In 1920 Cary Grant—or properly speaking, Archie Leach—was a sixteen-year-old Bristol-born music hall acrobat, specialized in stilt-walking and pratfalls, who was on his way to America for the first time as a member of the Bob Pender troupe. In 1927, after various show-business ups and downs, he was a largely out-of-work actor living in a single-room occupancy hotel in New York, working sometimes as a male escort, sometimes as a tie salesman, sometimes as a sandwich board man for a Chinese restaurant. In 1935 he was a movie actor who, despite having appeared (over a period of only three years) in twenty films opposite such co-stars as Marlene Dietrich, Mae West, Carole Lombard, Loretta Young, and Myrna Loy, had failed to live up to the high expectations of his bosses at Paramount, who had signed him in the hope that he would prove a star of the magnitude of Rudolph Valentino or Gary Cooper.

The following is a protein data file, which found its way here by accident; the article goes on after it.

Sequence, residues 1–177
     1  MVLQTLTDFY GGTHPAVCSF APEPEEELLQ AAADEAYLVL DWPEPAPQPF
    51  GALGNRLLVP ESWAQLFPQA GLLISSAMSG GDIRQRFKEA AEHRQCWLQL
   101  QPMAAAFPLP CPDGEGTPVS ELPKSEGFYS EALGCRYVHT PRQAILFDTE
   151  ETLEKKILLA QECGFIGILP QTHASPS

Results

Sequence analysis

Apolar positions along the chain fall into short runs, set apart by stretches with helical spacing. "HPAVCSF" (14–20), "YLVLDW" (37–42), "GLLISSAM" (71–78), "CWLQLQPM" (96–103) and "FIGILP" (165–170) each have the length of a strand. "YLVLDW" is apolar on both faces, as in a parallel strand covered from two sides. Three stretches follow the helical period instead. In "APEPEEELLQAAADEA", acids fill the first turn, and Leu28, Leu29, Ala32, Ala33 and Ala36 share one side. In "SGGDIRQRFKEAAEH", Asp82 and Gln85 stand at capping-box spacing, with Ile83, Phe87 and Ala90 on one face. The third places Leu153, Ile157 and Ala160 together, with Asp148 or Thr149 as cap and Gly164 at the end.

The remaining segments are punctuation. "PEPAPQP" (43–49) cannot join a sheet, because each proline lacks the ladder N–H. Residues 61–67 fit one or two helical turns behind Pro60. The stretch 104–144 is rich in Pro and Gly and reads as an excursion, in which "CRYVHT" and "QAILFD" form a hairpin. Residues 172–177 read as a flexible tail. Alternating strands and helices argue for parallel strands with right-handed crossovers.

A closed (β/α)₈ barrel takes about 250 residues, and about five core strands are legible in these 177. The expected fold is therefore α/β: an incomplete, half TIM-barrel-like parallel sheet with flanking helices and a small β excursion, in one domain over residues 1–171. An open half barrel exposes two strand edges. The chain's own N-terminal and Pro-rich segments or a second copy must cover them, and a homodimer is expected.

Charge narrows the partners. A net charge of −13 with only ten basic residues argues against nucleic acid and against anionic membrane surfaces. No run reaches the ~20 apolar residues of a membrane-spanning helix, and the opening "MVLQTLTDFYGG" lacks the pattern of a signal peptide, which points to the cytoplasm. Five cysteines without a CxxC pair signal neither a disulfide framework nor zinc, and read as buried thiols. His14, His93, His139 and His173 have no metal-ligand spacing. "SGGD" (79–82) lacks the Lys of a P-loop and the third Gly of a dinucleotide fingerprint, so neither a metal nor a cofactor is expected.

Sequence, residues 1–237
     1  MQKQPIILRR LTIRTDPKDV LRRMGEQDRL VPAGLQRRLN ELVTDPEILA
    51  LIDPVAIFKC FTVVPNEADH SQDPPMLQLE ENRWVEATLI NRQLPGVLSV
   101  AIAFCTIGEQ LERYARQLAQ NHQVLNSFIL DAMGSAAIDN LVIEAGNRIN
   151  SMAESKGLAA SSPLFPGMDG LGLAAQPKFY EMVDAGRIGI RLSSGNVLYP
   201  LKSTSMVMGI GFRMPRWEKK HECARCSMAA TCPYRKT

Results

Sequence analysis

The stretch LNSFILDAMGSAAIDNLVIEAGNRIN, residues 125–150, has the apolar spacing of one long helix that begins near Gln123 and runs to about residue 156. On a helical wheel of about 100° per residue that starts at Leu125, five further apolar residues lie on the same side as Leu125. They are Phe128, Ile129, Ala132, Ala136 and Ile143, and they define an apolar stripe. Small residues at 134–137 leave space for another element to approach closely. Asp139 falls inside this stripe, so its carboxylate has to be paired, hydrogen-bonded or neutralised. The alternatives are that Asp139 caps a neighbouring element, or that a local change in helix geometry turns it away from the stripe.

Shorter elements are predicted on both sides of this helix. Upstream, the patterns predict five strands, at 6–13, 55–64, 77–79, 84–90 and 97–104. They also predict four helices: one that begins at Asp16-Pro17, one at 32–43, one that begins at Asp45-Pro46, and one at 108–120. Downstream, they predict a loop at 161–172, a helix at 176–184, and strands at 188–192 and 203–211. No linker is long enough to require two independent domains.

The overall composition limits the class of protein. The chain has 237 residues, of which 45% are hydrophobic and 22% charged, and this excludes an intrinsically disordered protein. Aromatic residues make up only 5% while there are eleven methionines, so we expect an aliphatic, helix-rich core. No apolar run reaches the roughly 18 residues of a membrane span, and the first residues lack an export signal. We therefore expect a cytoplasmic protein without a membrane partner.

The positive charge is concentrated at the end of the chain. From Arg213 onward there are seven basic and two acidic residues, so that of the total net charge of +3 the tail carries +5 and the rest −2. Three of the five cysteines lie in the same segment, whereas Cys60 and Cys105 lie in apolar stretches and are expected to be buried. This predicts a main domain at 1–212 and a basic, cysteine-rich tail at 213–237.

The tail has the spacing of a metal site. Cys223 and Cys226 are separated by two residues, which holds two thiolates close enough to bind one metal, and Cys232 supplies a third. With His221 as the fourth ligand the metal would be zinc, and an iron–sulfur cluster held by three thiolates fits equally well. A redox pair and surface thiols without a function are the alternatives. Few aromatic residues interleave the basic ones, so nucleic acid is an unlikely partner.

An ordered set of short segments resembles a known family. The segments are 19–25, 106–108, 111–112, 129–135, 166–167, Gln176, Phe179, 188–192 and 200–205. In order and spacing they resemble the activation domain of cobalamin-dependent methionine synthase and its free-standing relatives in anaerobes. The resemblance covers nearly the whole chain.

It is astonishing in retrospect to see him in a movie like Born To Be Bad (1934) getting effortlessly upstaged by a cigarette-smoking Loretta Young in deliriously campy “bad girl” mode. Grant, in the thankless part of a dairy company executive who falls for Young’s sleazy charms, looks like a radiantly handsome but otherwise inert male model who has rented out his face and physique to Paramount while his thoughts wander elsewhere.